Dez Bryant has a football plan first. And a financial plan second. And the two plans are connected in ways we see as fuel to a coming contract extension that can easily be worth $100 million.
Start here: Dallas getting tackle Tyron Smith his $109-mil extension during training camp did not hinder a similiar deal for Dez; it helped it. Tyron's deal is structured with a small enough signing bonus that room remains for Bryant to ink a twin-brother deal. (See [a href="http://dal.scout.com/story/1428062-inside-the-new-deal-of-cowboys-tyron-smith?s=112" target="_blank"> our coverage of the Smith Cowboys-for-life deal here.)
Next: Recognize Bryant's view that he's a top-five NFL receiver -- or, as he stated late Monday: “I believe a player should get paid what he deserves. If I’m top five, I’m top five. If I’m top three, I’m top three. If I’m top two, I’m top two. It is what it is.”
What it is: Dez is a Pro Bowler with last-year numbers of 93 catches for 1,233 yards and 13 touchdowns. Those numbers are even more impressive when one looks at red-zone performance. 10 of those 13 touchdowns were on Bryant’s 21 targets inside the opponent’s 20-yard line; putting him in the conversion company of tight ends and red-zone specialists.
Additionally, over the past three seasons, only four players have amassed over 3,000 yards and 30 receiving touchdowns. One, Detroit’s Calvin Johnson, is the highest paid receiver in the game. Another, the Saints’ Jimmy Graham, is the highest paid tight end in the game. The fourth, Jordy Nelson in Green Bay, received a pricey four-year extension this past weekend.
Bryant’s current 2014 salary, between base and workout bonus, is $2.03 million. So how does that jump to him being a $100-Million Man?
It jumps because both sides are readying to jump at what Bryant himself calls a "big chance'' that a deal gets done before the Sept. 7 start of the regular season.
Anyone who has been following the Cowboys specifically and NFL salaries in general know that the true value of a contract lies in the guaranteed money. That normally consists of the signing bonus, as well as the first couple years of base salary. It has become very rare for a player to make it to the end of a substantial second contract in today’s NFL. While the total value of every deal gets the headlines, the guaranteed money is really all that matters.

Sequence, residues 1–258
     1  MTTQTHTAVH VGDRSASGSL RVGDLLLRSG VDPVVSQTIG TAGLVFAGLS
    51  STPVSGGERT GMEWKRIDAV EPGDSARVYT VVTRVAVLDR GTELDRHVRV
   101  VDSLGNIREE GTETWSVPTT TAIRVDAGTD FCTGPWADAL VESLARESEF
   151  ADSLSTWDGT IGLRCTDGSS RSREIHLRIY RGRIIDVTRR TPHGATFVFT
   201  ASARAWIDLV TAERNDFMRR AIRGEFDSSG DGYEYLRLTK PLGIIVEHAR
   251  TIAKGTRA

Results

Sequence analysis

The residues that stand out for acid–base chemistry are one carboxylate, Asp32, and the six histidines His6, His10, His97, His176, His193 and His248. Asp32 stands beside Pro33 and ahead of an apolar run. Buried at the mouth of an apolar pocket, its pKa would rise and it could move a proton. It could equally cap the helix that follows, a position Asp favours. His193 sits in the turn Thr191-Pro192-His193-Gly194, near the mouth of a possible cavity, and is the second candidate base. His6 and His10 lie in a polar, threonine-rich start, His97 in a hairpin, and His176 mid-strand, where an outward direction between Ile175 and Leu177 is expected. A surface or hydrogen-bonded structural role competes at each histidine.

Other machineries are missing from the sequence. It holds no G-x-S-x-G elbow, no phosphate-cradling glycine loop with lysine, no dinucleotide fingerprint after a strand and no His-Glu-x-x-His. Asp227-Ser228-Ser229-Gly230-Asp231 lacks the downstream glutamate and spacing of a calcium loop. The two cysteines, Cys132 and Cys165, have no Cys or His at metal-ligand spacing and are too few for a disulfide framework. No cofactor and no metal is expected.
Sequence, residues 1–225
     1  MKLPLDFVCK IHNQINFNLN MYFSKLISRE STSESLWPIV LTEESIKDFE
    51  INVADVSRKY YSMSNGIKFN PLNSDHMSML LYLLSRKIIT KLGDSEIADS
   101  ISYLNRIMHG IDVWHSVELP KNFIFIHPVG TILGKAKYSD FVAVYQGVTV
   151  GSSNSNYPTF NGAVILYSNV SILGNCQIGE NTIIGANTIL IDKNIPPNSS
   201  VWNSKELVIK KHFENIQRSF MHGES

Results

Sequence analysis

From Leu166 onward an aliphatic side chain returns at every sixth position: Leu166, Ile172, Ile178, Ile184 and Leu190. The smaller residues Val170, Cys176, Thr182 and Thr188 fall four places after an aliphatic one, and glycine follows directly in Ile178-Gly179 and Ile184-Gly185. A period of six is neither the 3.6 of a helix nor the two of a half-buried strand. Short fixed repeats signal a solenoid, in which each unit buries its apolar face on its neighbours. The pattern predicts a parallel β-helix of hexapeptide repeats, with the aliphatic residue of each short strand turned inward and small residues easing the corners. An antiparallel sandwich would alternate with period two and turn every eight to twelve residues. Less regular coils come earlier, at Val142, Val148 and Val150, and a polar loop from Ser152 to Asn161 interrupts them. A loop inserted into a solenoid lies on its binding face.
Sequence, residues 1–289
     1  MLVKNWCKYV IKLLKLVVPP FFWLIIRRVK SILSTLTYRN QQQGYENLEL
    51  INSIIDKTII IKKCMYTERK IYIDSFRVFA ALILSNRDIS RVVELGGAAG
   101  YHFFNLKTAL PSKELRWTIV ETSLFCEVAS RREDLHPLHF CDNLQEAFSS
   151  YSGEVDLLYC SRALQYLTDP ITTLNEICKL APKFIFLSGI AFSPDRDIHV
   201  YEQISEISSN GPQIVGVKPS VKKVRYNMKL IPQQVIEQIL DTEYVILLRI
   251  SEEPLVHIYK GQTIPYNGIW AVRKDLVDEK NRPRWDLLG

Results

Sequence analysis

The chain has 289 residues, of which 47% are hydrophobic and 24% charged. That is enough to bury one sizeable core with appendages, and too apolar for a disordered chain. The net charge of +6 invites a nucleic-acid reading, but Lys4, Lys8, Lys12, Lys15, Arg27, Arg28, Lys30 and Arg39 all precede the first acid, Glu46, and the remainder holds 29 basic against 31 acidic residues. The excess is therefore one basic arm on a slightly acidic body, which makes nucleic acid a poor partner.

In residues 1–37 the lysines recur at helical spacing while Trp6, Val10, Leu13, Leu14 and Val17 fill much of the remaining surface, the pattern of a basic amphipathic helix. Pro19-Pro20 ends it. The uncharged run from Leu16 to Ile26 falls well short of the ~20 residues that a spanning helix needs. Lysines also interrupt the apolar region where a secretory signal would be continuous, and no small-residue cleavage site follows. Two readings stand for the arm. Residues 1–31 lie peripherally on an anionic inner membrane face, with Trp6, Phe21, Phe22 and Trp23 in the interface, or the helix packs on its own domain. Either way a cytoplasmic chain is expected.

So let's do a deal. ...
Dallas has set up its salary cap to give the team major flexibility starting with the 2016 season. That seems to be the “reboot” benchmark for the roster. For that reason, Bryant’s coming base salaries might remain relatively low. However, a seven-year deal will allow Dallas to restructure Bryant’s base salary at that 2016 point and even beyond, with the addition of the ever famous voidable year that the team has become enamored with.
The rest will all be in the negotiations. We say you can reasonably expect Bryant to get a seven-year deal, based on Dallas’ history. That you can reasonably expect the average annual salary to be between $13 and $16 million, based on the NFL landscape. That you can reasonably expect the fully guaranteed portion of the deal to be between $30 and $40 million.
Would it be out of the question for Bryant to get a six-year extension with almost $100 million of new money, including a $20 million signing bonus? Here’s how something like that might look on a year-by-year basis.
|Season||Age As Of Sep 1||Base Salary||Prorated Bonus||Wrkt/Rstr Bonus||Cap Hit|
This is, of course, one of a thousand different ways the deal can be configured. But know that the Cowboys are set to make headlines with their deals. ... That the average annual salary of $14.3 million over the course of the deal clears the mix of lesser talents ... and that it's a nice, big, round number that agents like.
If the Cowboys guaranteed Dez' base salary for 2014, 2015 and half of 2016 (with injury guarantees for all of 2016 and some or all of 2017), then the “real” money if the Bryant deal sits at around $35 million. Dallas could easily add in clauses that guarantee base salaries if he’s on the roster at the beginning of the league years. And, of course, this isn’t including any kind of performance escalators that could be substituted for some of the base salaries.
On the other side, the guaranteed years and the signing bonus proration means that Dallas could walk away from the player should there be any negative acts. They would be looking at $10 million of dead money, but that could be spread over the course of two seasons and the team has shown they do not have a problem with playing this particular game of accounting.
Remember, these are OUR numbers and ideas and not necessarily reflective of exactly where negotiations are going. But you can see how they can work for the Joneses under the cap. And you can see how they can work for Dez Bryant as he strategically makes certain the world knows he's a football-first guy, thus further endearing himself to the ownership and to the public.
Dez Bryant as a $100-Million Man? These are real numbers and they represent a "big chance'' for all involved.
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